Posted by: fvbcdm | December 14, 2012

Feast of Saint Lucy (13 Dec 2012)

The Jewish people of Our Lord’s time often referred to divine revelation in the Old Testament as “the law and the prophets.” Those two forms of literature summed up for them all that God had spoken to the human race. That is the reason why, at the glorious moment of the transfiguration of Our Lord before his disciples, the lawgiver Moses and the great prophet Elijah appeared beside him on the mountain. They paid homage to him whom they foretold. And the voice of the Father was heard from heaven saying, “This is my beloved Son in whom I am well pleased. Listen to him.” In today’s Advent liturgy, Our Lord says to us: “There has been none greater than John the Baptist; yet the least in the Kingdom of heaven is greater than he.” And he goes on to say, “All the prophets and the law prophesied up to the time of John.” So if we pay close attention, we hear Our Lord dividing sacred history into three phases: the Law and the Prophets of the Old Testament, the brief appearance of Saint John the Baptist at the point of juncture between the two testaments, and then the Kingdom of God which Our Lord ushers into the world. I think we all know what a diptych is; it is a work of art composed of two panels hinged together, on each of which there is a depiction of some sacred person or event. Well, we can think of the Old and the New Testament as the two panels of a diptych, and Saint John the Baptist is the hinges that holds the two panels together. Thus it is possible to divide sacred history into the Old Testament, the ministry of Saint John the Baptist, and then the New Testament. In this light, we see the importance and the key role that Saint John the Baptist, the son of Zechariah and Elizabeth, plays in God’s plan for salvation. It is he who points to Jesus and says: there is the Lamb of God who takes away the sins of the world. Even though I have become a very popular figure in the religious life of Judaism, he is far superior to me, so much so that I am not even worthy to carry his sandals. I will decrease, but he will increase, and his kingdom will keep increasing until the end of time.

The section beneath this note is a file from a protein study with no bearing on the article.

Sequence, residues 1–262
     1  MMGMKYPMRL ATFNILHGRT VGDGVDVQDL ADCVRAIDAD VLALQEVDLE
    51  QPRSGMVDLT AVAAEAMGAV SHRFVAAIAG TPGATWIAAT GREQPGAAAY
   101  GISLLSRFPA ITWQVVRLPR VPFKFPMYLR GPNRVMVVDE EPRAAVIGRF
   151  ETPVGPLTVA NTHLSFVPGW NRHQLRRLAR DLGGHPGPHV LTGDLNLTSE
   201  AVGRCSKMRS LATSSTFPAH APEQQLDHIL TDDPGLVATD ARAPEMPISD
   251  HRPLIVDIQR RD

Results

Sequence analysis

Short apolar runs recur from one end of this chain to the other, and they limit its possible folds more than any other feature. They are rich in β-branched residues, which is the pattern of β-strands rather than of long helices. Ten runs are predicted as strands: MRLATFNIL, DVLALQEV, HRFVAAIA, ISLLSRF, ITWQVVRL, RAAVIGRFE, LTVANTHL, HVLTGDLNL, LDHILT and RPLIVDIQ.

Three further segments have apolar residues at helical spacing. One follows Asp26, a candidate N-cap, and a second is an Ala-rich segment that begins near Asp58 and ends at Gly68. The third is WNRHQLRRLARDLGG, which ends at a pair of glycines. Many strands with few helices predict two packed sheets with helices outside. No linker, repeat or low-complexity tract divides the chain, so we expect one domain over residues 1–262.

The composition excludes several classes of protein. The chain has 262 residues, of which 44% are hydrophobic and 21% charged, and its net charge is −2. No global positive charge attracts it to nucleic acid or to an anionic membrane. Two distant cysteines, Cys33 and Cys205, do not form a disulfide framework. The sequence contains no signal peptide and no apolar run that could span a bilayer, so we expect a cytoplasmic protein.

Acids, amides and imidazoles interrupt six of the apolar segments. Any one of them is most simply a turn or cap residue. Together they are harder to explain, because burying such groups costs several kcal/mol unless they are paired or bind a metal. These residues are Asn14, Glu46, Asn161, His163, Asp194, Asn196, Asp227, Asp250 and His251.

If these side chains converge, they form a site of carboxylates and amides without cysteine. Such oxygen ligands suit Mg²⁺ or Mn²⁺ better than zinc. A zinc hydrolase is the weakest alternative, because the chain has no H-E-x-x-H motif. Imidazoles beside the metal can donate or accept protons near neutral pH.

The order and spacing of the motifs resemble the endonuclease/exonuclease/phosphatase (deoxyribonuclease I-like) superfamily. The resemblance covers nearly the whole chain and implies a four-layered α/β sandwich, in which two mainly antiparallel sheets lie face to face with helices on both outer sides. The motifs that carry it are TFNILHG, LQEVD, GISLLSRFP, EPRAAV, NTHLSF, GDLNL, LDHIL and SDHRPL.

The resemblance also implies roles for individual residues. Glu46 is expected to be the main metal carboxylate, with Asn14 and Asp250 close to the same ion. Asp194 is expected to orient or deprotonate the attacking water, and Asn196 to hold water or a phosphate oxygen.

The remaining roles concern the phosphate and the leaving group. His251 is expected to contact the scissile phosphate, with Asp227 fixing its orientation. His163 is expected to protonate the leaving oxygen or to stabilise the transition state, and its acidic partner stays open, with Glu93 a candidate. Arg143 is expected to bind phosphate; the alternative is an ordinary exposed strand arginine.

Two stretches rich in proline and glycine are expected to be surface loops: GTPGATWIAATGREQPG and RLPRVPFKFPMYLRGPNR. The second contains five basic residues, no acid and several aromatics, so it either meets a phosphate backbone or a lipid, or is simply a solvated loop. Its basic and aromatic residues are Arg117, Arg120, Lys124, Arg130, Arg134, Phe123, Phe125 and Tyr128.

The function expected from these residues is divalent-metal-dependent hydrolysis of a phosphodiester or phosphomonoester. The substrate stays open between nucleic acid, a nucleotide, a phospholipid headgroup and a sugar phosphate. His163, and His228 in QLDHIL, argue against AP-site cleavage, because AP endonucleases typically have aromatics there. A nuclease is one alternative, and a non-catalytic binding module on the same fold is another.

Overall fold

This view of the Precursor of the Lord helps us to understand why Saint John the Baptist is so important, and such a towering figure in the holy season of Advent. At the Communion of every Mass, the celebrant uses the very words of Saint John the Baptist in speaking of Jesus in the Eucharist:  “This is the Lamb of God who takes the sins of the world. Happy are those who are called to his supper.” Thank you for seeking God’s truth. God bless you. Father Victor Brown, O.P.

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